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Love, abjection and discontent

This book destabilises the customary disciplinary and epistemological oppositions between medieval studies and modern medievalism. It argues that the twinned concepts of “the medieval” and post-medieval “medievalism” are mutually though unevenly constitutive, not just in the contemporary era, but from the medieval period on. Medieval and medievalist culture share similar concerns about the nature of temporality, and the means by which we approach or “touch” the past, whether through textual or material culture, or the conceptual frames through which we approach those artefacts. Those approaches are often affective ones, often structured around love, abjection and discontent. Medieval writers offer powerful models for the ways in which contemporary desire determines the constitution of the past. This desire can not only connect us with the past but can reconnect present readers with the lost history of what we call the medievalism of the medievals. In other words, to come to terms with the history of the medieval is to understand that it already offers us a model of how to relate to the past. The book ranges across literary and historical texts, but is equally attentive to material culture and its problematic witness to the reality of the historical past.

Open Access (free)
Studies in intimacy

Featuring essays from some of the most prominent voices in early medieval English studies, Dating Beowulf: studies in intimacy playfully redeploys the word ‘dating’, which usually heralds some of the most divisive critical impasses in the field, to provocatively phrase a set of new relationships with an Old English poem. This volume presents an argument for the relevance of the early Middle Ages to affect studies and vice versa, while offering a riposte to anti-feminist discourse and opening avenues for future work by specialists in the history of emotions, feminist criticism, literary theory, Old English literature, and medieval studies alike. To this end, the chapters embody a range of critical approaches, from queer theory to animal studies and ecocriticism to Actor-Network theory, all organized into clusters that articulate new modes of intimacy with the poem.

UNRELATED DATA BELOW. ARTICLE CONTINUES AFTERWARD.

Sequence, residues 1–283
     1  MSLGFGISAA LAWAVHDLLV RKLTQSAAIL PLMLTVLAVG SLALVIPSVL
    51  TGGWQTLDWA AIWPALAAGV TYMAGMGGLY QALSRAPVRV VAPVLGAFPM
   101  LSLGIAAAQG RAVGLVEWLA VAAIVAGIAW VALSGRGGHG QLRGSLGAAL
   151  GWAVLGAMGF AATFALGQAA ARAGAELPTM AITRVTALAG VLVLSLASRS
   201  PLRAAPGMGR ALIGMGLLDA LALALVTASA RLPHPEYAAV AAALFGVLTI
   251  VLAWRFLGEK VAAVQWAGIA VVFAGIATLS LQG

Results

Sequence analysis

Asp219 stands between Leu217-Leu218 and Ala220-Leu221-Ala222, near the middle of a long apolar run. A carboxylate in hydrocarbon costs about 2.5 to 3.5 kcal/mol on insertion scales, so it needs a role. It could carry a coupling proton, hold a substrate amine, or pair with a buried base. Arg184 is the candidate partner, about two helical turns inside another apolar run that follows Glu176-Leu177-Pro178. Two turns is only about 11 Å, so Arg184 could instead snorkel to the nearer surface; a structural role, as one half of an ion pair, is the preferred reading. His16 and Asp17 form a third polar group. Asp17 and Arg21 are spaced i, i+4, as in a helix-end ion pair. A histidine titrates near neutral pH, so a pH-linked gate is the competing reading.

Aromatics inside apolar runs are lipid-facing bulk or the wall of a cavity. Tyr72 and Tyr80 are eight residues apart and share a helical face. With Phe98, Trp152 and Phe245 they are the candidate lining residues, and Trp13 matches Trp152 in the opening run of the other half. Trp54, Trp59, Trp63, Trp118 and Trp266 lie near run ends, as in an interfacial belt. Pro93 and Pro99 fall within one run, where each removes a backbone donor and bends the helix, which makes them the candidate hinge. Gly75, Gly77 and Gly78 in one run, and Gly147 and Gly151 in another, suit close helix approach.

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Cultural memory and the untimely Middle Ages
Author: Joshua Davies

This book is a study of cultural memory in and of the British Middle Ages. It works with material drawn from across the medieval period – in Old English, Middle English and Latin, as well as material and visual culture – and explores modern translations, reworkings and appropriations of these texts to examine how images of the past have been created, adapted and shared. It interrogates how cultural memory formed, and was formed by, social identities in the Middle Ages and how ideas about the past intersected with ideas about the present and future. It also examines how the presence of the Middle Ages has been felt, understood and perpetuated in modernity and the cultural possibilities and transformations this has generated. The Middle Ages encountered in this book is a site of cultural potential, a means of imagining the future as well as imaging the past.

The scope of this book is defined by the duration of cultural forms rather than traditional habits of historical periodization and it seeks to reveal connections across time, place and media to explore the temporal complexities of cultural production and subject formation. It reveals a transtemporal and transnational archive of the modern Middle Ages.

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Thomas A. Prendergast and Stephanie Trigg

medievalism was gaining acceptance as a serious object of study, medieval studies had gone into something of a defensive crouch – insisting on and even policing its own disciplinary boundaries; if not in print, then certainly in informal, anecdotal contexts, in appointment practices and in the unspoken assumptions of the university syllabus. The reason for this insistence on discipline, we argued in 2008, was

in Affective medievalism
Thomas A. Prendergast and Stephanie Trigg

have suggested that our relations with the medieval past are often structured as affective histories. But just as importantly, we have tried to trace the genealogy of feelings about medievalism itself, which have not always been positive ones. What are the implications of all this discontent about medievalism for the future of medieval studies and medievalism? Are we all forever doomed to a future of mutual discontent